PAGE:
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Does summer mean a decrease in mental health problems?

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sun-summer-mentalhealth-kidspeaceBy Kristen Fritz


Not only does winter bring snow and cold weather, but it also brings depression, mood swings and mental disorders. A new study was done that looked at and observed the search patterns of Google inquiries. Apparently, winter is a time where mental illnesses tend to increase. Who would have thought? We look forward to the summer not only for the sunshine, warmth, and the beach, but to bring positive thoughts and feelings.


The study appears in the May issue of The American Journal of Preventive Medicine. In both the United States and Australia, researchers found distinct seasonal patterns, high in winter and low in summer, in searches pertaining to anxiety, obsessive compulsive disorder, bipolar disorder, eating disorders, depression, suicide, attention deficit hyperactivity disorder and schizophrenia.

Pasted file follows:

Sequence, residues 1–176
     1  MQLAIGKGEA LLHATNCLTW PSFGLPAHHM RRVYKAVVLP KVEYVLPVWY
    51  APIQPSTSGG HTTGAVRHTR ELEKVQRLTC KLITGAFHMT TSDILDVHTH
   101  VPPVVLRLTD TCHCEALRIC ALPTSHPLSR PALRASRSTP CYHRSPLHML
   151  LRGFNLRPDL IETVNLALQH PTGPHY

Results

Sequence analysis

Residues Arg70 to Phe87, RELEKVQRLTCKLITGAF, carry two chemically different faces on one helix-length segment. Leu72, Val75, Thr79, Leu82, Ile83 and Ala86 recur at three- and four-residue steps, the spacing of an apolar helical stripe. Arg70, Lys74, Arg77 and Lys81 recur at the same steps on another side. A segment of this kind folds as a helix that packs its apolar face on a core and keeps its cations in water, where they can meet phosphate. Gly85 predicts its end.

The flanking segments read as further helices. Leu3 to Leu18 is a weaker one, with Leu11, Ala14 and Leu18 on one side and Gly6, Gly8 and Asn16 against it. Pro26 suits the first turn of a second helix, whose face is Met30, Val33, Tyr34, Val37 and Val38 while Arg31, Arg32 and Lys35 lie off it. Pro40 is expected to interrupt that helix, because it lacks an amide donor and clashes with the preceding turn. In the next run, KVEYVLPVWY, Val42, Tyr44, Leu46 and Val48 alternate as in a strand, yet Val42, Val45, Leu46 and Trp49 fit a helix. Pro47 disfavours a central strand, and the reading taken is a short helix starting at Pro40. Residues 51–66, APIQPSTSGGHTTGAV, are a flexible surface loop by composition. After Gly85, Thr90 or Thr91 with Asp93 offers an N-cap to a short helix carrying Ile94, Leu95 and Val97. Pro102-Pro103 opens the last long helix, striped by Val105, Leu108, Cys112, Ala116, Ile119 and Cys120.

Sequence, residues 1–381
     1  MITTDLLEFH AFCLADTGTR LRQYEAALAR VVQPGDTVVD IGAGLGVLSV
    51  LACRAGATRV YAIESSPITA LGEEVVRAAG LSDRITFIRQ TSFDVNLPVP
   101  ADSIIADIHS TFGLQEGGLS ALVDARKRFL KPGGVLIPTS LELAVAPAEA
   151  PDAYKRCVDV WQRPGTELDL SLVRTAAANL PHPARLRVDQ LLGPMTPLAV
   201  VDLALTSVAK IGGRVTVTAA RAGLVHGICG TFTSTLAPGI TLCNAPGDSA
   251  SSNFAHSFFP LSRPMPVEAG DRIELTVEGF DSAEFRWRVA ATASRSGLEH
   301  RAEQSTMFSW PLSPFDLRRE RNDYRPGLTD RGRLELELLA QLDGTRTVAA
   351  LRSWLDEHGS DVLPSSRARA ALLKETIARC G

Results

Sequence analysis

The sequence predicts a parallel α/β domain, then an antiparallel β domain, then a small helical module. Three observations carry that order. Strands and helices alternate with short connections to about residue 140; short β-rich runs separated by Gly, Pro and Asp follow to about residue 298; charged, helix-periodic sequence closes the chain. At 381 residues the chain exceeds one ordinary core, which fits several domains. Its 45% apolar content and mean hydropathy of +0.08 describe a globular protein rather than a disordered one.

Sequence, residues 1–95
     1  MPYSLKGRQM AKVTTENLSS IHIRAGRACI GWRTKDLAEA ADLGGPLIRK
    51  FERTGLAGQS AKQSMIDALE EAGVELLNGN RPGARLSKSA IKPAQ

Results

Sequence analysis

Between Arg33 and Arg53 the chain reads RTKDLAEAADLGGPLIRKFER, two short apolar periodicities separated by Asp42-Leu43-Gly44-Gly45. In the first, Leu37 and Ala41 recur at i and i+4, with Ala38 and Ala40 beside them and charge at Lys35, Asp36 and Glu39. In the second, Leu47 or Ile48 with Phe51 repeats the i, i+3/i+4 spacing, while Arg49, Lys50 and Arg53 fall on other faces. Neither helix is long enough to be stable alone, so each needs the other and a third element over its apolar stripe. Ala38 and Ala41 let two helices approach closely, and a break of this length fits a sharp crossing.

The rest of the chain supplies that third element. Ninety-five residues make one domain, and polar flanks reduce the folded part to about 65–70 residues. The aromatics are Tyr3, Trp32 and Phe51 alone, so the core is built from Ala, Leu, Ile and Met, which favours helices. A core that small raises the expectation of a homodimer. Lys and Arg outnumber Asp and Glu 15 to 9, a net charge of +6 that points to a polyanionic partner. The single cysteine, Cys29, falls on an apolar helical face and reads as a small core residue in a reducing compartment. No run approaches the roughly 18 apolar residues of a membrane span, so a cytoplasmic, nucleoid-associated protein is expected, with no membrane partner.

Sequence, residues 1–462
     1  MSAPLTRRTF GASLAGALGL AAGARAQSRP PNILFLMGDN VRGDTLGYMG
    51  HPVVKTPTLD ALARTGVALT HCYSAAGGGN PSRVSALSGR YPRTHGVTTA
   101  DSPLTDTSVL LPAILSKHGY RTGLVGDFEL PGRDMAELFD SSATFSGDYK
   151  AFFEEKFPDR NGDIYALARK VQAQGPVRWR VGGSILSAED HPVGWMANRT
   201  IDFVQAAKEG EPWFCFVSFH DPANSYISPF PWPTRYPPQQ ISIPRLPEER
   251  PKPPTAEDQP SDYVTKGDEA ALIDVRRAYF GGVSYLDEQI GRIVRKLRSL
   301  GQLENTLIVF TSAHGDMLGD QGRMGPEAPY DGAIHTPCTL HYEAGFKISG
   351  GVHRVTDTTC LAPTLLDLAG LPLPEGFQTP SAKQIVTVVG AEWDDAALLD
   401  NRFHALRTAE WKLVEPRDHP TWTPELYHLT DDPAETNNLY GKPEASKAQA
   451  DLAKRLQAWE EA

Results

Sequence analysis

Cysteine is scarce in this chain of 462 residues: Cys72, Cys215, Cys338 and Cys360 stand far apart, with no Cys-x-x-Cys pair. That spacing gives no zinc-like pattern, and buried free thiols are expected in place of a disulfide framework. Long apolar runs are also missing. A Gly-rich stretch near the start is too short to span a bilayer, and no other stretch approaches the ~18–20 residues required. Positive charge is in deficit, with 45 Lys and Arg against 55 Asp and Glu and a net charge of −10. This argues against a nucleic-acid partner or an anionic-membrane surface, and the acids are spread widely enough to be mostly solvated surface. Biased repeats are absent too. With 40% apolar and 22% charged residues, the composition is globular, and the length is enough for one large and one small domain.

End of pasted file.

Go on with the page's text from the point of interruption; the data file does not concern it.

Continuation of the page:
Searches related to eating disorders varied the most — 37 percent higher in winter than summer in the United States and 42 percent higher in Australia. The smallest variations were in searches related to anxiety: 7 percent and 15 percent more common in winter than summer in the United States and Australia, respectively. The variations persisted after the researchers controlled for seasonal differences in Internet use, mentions of the diseases in news articles and other factors.


Such things as varying hours of daylight, variations in physical activity and seasonal changes in blood levels of vitamin D and omega-3 fatty acids are known to affect the mood of a person.


I think I can speak for everyone when I say, bring on the summer time!

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